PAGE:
He see's a young man (our moron), in oddly ill fitting clothes, maladjusted baseball cap, but still with impeccable hair. More mobile phones are ringing. The moron pulls what looks to Steve like a gun from his bag; "perhaps he's an undercover cop", thinks Steve momentarily? But... hang on, why has he grabbed it by the barrel? And he's poking it with his other hand!
At this point, the moron is shot by _actual_ undercover cops... the last words to float through his vacuous skull being those of Steve: "You're holding it wrong!".
To be fair, I think an RTG does increase the costs quite a bit which is a shame because they are perfect for this kind of thing.
^ re Gnome's bloatyness, has this not improved at all?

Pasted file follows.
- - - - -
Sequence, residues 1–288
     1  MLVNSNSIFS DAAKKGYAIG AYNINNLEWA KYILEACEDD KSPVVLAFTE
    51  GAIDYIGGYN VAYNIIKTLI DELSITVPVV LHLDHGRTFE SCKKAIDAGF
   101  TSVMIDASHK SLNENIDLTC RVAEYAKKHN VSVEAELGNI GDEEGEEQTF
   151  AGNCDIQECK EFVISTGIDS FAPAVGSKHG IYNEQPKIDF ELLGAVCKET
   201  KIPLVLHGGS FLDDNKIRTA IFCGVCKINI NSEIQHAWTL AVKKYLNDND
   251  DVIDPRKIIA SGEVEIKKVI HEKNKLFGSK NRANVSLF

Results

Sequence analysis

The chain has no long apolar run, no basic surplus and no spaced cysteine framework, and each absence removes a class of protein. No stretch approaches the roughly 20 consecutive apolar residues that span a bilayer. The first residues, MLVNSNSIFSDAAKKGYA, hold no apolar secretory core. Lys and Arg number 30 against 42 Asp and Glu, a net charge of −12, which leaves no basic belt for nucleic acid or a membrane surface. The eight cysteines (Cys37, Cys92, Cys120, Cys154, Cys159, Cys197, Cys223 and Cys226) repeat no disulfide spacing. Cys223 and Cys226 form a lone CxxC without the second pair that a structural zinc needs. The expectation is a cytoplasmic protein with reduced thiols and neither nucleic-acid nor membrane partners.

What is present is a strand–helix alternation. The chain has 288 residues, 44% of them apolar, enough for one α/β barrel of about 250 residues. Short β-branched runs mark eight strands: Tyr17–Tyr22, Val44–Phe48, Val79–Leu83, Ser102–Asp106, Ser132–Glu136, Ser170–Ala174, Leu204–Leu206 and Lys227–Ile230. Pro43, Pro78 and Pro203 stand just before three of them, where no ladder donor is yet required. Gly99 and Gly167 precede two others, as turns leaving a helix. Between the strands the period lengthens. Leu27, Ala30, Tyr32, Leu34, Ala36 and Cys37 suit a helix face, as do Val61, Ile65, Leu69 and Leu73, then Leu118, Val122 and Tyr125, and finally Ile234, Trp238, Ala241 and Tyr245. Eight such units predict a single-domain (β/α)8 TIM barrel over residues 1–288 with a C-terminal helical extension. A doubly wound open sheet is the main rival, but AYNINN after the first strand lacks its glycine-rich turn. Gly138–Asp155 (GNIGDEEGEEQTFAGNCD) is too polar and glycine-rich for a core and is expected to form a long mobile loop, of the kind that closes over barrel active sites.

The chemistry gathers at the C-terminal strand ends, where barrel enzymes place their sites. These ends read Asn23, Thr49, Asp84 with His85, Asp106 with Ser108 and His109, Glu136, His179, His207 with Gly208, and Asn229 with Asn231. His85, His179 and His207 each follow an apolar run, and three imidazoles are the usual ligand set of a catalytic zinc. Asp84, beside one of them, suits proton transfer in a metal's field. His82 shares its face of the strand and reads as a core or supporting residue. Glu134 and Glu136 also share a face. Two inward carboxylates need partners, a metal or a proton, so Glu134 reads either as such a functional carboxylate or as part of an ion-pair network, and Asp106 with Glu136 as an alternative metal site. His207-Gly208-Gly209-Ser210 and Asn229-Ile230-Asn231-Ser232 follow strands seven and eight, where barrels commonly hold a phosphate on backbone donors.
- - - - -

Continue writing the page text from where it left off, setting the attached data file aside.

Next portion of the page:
I'm still running Ubuntu 14.04 on my main machine (2.6GHz quad-core i5), but I've recently been trying to use a Raspberry Pi 3 as my main machine! Yes, the Pi is much slower with many things, especially the browser (albeit Chromium on the Pi 3 is just about tolerable), but the thing that really amazes me is that the file manager (PCManFM) is *considerably* snappier on the Pi than Nautilus is on my i5.
I do appreciate that the i5/Ubuntu setup is running compiz and therefore has a little more work to do... but even so, I'm kind of of the opinion that a file manager really shouldn't be perceptibly slow.
Can people stuck on a TT contract use this as a reason for escape?
"That Win 1 0 is getting a (small) boost in market share is understandable, the deadline for "not free" is fast approaching."
If that is the case, and I'm not sure it is, but if it is.... would MS not be better just dropping the price of Windows to ~$20. Maybe different pricing for enterprise, but otherwise, just have a single version of Windows equivalent to Pro for use by home and small business users for basically a minimal price to cover media distribution?
That would effectively mean giving it free to OEMs, but at least they might then increase the user base a bit more than now; cheaper PCs, slightly more upgrades... maybe?